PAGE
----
Tuesday, June 07, 2011

Broken idyll in Newark

click photo to enlarge
For someone with an interest in architecture the Nottinghamshire town of Newark-on-Trent is a place of great fascination. It has a picturesquely sited medieval castle by the river, all the more romantic in appearance after being "slighted" in 1646 following its support of King Charles 1 during the English Civil War. The centre of the town has a fine, large medieval church - St Mary Magdalene - a member of the Greater Churches Group of large parish churches. The crowning glory of this building is its beautiful, tall spire that dominates the town. Nearby is a lovely market place surrounded by a wonderful mix of buildings including the Palladian Town Hall  of 1777-6 by John Carr of York and the White Hart Inn, a building Pevsner calls "one of the paramount examples of late C15 timber-framed architecture in England." Elsewhere, but particularly by the river, there are other buildings, old and new, industrial, commercial and domestic that attract the eye. The river itself is navigable, but has a canal-like section that was the hub of the bardge traffic that originated in Newark and brought goods to the town.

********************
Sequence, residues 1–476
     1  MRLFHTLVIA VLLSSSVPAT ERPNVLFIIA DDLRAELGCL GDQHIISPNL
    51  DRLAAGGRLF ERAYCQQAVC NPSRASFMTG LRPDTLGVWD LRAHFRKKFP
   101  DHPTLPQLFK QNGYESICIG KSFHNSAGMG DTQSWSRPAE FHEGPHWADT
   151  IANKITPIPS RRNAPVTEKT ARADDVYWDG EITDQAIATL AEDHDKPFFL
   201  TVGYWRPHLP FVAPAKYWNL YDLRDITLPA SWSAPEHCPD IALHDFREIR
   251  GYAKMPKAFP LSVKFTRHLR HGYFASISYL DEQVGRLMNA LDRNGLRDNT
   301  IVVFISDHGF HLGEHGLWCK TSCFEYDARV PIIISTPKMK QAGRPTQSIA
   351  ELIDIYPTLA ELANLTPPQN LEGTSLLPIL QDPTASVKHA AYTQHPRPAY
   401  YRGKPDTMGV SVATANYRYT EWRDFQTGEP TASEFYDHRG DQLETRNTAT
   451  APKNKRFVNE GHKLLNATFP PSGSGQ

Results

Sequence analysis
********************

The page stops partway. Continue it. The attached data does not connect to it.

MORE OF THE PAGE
The other day, accompanied by a friend who was staying with us for a while, we visited the Nottinghamshire town. Unlike our December visit, on which the two images linked above were taken, the weather was sunny and warm. In the castle grounds - now a small park - people were sitting in the sun, eating a lunch, playing football and generally enjoying the summer day. I was taking a few shots of the architecture when I became aware of many people focussing their gaze and attention in one direction. Looking the same way I saw a column of black smoke rising into the air from not too far away, and quickly spreading over the town. What was it? In these times one's first thought can turn to a deliberate act of violence or terrorism, but that seemed unlikely in provincial Newark. I knew the town well enough to work out that it was probably coming from a scrapyard by the river. At lunch we discovered that was the case - a pile of rubbish had caught fire. What I found interesting was how the event changed the atmosphere and how the pleasant summer idyll was suddenly broken for a while. I don't always have the presence of mind to capitalise on such events with my camera, but on this occasion I fired off a quick shot of the smoke and the people's reaction to it.

photograph and text (c) T. Boughen

Camera: Canon
Mode: Aperture Priority
Focal Length: 28mm
F No: f8
Shutter Speed: 1/250
ISO: 100
Exposure Compensation:  -0.33 EV
Image Stabilisation: On